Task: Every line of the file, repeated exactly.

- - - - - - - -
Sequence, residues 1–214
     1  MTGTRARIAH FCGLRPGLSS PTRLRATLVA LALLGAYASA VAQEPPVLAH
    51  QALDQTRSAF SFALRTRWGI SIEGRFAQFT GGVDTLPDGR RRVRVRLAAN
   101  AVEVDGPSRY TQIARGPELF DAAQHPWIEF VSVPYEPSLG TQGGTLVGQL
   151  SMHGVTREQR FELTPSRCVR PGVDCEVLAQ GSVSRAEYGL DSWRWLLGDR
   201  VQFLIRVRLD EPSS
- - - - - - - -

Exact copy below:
Sequence, residues 1–214
     1  MTGTRARIAH FCGLRPGLSS PTRLRATLVA LALLGAYASA VAQEPPVLAH
    51  QALDQTRSAF SFALRTRWGI SIEGRFAQFT GGVDTLPDGR RRVRVRLAAN
   101  AVEVDGPSRY TQIARGPELF DAAQHPWIEF VSVPYEPSLG TQGGTLVGQL
   151  SMHGVTREQR FELTPSRCVR PGVDCEVLAQ GSVSRAEYGL DSWRWLLGDR
   201  VQFLIRVRLD EPSS